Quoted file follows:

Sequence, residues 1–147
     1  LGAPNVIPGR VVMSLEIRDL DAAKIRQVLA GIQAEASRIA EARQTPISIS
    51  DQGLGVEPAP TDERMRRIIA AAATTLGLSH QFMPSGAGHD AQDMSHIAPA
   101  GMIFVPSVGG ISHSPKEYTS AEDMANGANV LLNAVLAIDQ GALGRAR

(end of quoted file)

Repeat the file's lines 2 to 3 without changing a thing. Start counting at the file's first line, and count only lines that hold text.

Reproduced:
     1  LGAPNVIPGR VVMSLEIRDL DAAKIRQVLA GIQAEASRIA EARQTPISIS
    51  DQGLGVEPAP TDERMRRIIA AAATTLGLSH QFMPSGAGHD AQDMSHIAPA